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Does ADA affect boat dealerships?

The other day I watched a guy pull into a handicapped-only parking space, but he had no handicapped sticker hanging on his mirror. Since he didn’t look like he could beat the hell out of me, I asked: “Do you realize that’s a handicapped only space you’re in?” He just dropped the F-bomb and continued into Home Depot, but it got me thinking about the Americans with Disabilities Act and its affect on dealerships and marinas. 

My sensitivity to handicapped parking goes back to when I broke my heel jumping off a sailboat at a boat show and spent several weeks in a wheelchair, then on crutches. For me, it forever drove home the importance of those extra wide, close-in handicapped spaces. A normal parking space simply wasn’t large enough for me to get the wheelchair out and get in it!

So, does ADA impact dealers today? In a nutshell – yes, in one way or another. For example, if you employ 15 or more people (not 50 or more as many believe) the business can’t discriminate in hiring and must make reasonable provisions to accommodate the disabled public. And, that’s no longer a small number. Today there are more than 50 million people, almost 20 percent of the U.S. population, considered disabled under the law, according to Steven D. Strauss, attorney, speaker and author of “The Small Business Bible” (www.mrallbiz.com.) writing for USA Today.

The ADA was first passed in 1990 and rules have been revised many times, including recently, because of court decisions along the way. Strauss consulted with Barbara Otto, CEO of Think Beyond The Label, a national non-profit working to increase small business employment for people with disabilities. She contends complying with ADA should not be difficult for most small business and notes the following 5 recent changes for consideration:

Company Policy – Businesses are required to examine their policies to make sure they are non-discriminatory. She cites, for example, a clothing store that’s required under new guidelines to adjust a policy of permitting only one person in a dressing room if a disabled customer needed assistance from a companion.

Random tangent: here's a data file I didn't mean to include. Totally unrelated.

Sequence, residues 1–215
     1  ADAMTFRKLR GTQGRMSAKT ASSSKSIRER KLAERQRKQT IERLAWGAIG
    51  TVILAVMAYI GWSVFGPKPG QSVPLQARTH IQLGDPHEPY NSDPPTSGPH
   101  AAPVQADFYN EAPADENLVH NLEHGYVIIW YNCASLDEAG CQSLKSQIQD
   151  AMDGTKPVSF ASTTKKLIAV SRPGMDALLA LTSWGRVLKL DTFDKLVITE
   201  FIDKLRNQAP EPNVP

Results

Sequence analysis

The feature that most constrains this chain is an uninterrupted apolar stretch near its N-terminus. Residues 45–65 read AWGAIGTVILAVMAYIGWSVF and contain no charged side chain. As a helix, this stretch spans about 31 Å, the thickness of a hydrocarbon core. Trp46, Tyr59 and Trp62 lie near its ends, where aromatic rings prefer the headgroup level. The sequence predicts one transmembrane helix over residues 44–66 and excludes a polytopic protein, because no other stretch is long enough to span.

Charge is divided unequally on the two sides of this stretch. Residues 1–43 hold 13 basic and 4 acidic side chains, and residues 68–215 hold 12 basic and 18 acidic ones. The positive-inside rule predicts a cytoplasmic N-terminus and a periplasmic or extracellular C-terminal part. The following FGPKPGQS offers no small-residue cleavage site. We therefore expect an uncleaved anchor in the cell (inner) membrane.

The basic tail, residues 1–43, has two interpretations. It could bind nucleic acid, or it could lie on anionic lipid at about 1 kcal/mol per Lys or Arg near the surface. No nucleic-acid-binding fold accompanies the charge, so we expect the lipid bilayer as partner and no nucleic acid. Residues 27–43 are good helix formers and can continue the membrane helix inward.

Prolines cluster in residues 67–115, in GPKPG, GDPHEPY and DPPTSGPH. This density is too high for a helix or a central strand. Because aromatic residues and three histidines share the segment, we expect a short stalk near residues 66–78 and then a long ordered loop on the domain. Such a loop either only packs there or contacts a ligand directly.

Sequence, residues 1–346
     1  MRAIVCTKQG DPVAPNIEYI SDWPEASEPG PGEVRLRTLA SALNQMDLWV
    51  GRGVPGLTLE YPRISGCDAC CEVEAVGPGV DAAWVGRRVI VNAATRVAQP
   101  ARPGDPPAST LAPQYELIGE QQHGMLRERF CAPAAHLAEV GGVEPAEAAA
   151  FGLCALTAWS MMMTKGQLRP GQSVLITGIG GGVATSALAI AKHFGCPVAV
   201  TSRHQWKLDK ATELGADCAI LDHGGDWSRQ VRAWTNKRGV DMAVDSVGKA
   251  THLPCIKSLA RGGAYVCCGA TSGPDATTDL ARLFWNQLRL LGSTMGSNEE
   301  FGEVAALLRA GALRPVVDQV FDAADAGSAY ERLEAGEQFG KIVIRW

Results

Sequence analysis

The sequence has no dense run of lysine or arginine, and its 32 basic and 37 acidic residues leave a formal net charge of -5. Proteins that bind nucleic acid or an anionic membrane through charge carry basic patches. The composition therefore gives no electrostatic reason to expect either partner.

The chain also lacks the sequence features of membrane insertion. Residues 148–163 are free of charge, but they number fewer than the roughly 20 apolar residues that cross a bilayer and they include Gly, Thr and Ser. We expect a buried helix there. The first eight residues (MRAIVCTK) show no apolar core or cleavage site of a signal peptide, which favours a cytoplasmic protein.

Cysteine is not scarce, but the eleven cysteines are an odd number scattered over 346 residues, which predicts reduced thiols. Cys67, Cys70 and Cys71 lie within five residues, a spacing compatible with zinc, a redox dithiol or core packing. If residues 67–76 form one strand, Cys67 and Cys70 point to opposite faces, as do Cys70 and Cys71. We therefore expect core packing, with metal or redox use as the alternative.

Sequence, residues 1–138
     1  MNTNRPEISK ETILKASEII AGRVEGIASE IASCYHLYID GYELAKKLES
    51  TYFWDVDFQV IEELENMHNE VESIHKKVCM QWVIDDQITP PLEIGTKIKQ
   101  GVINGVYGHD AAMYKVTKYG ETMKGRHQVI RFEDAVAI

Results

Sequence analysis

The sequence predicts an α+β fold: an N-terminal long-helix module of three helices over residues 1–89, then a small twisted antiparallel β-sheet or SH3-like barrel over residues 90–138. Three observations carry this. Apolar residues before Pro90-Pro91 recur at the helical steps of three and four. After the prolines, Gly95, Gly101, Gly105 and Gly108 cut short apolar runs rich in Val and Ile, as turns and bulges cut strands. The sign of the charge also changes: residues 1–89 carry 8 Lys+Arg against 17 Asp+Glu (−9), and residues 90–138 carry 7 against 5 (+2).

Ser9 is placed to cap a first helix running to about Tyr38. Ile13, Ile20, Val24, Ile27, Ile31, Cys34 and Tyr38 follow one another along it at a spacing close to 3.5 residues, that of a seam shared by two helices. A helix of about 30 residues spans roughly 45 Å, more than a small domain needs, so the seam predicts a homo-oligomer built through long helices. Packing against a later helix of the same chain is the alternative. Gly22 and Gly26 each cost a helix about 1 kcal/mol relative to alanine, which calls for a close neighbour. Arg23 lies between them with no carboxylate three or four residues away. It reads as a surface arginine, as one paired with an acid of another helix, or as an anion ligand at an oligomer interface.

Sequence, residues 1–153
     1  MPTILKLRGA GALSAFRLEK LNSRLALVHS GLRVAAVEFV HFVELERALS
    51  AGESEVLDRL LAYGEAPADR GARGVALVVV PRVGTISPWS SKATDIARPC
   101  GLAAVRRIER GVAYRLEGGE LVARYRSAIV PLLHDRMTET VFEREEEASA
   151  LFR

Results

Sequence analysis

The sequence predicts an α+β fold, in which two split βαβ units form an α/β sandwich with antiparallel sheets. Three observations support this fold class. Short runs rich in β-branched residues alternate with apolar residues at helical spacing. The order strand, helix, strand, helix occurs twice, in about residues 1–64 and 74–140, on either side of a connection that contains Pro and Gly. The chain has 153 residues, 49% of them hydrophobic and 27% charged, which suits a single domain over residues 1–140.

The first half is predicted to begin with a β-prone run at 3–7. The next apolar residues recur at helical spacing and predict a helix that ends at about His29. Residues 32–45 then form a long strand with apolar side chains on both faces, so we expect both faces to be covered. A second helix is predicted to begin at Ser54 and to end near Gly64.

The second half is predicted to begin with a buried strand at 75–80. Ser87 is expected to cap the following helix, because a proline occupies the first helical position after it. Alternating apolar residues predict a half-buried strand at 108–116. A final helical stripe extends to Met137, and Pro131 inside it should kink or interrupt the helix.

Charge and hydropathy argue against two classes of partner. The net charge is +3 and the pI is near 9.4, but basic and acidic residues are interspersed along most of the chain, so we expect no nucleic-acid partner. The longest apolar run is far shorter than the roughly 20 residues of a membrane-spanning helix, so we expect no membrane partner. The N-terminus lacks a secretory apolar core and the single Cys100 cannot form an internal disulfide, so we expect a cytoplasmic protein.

Service Animals – The only animal considered a service animal is a dog. To be considered a service dog, the animal must perform tasks directly related to the person’s disability, such as helping a blind person to navigate.

Mobility Devices – Businesses must allow the use of personal mobility devices such as Segways, golf carts, or other devices intended to operate in non-pedestrian areas, except if the business can demonstrate a particular type of device cannot be accommodated because of legitimate safety requirements.

Communication Efforts – A small business is now expected to accommodate various communication efforts such as sign language, oral interpreters or assistive technology unless doing so would result in a significant expense.

Architectural Barriers – Financially, this could affect small business the most: A businesses providing goods and services to the public must remove “barriers to entry” and make interior changes enabling customers using mobility devices like wheel chairs to better navigate the location and easily reach merchandise.

There is little doubt that as our population ages, the number of Americans with a disability will only increase. Accordingly, ADA is something every dealer should take time to consider from both employment and customer viewpoints. That said, it’s equally important to understand that “reason” is supposed to prevail in this i.e. under ADA, a business does not have to provide an accommodation that would cause an “undue hardship.”

Comments

One comment on “Does ADA affect boat dealerships?

  1. Case still pending

    Everyone needs to be aware that this well intentioned law has been hijacked by a few crooked lawyers to become a way of extorting money from busnesses. As a victim of this extrotion I can tell you first hand you need to take it seriously. The way the law was written it is retro-active to all public buildings even if they were built prior to the laws enactment and even if you have never pulled a building permit since 1990. The way the extortion works is they find a business that is not fully compliant and immediately file a lawsuit, they are not entitled to damages, only fees and costs. They are experts at running up fees, costs, inspections etc. which you will ultimately be responsible for paying. They want you to fight them because it only runs up their fees and costs as well as your own attorney fees. The individual who sued us has filed over 200 of these suits. Upon advice form our attorney we agreed to settle this almost immediately and we were told by the other side that the cost of settling would be $25,000 plus our attorney fees, plus the cost of the renovations. Probably will end up in the $60,000 range in total. We are currently trying to negotiate a lower settlement, but we don’t have a great position to negotiate from, the law is very much one-sided in their favor. If you are in an older building (even if you rent you are still the one they sue) I suggest consulting with a contractor or architect as well as a lawyer who is familiar with this law to decide what is best for your situation. I am trying to get the law changed to require a 90 day notice of intent prior to allowing the lawsuit to be filed, so that at least we can avoid their exhorbitant fees and costs, you would still have to do the renovations but at least you would avoid the attorney costs. Anyone who wants to write their Congressman or Senator to ask them to change the law to include a 90 day notice would be very much appreciated. I know it is to late for me but this has to stop. In particular – Lamar Smith who is the head of the House Judiciary Committee that makes these types of changes.

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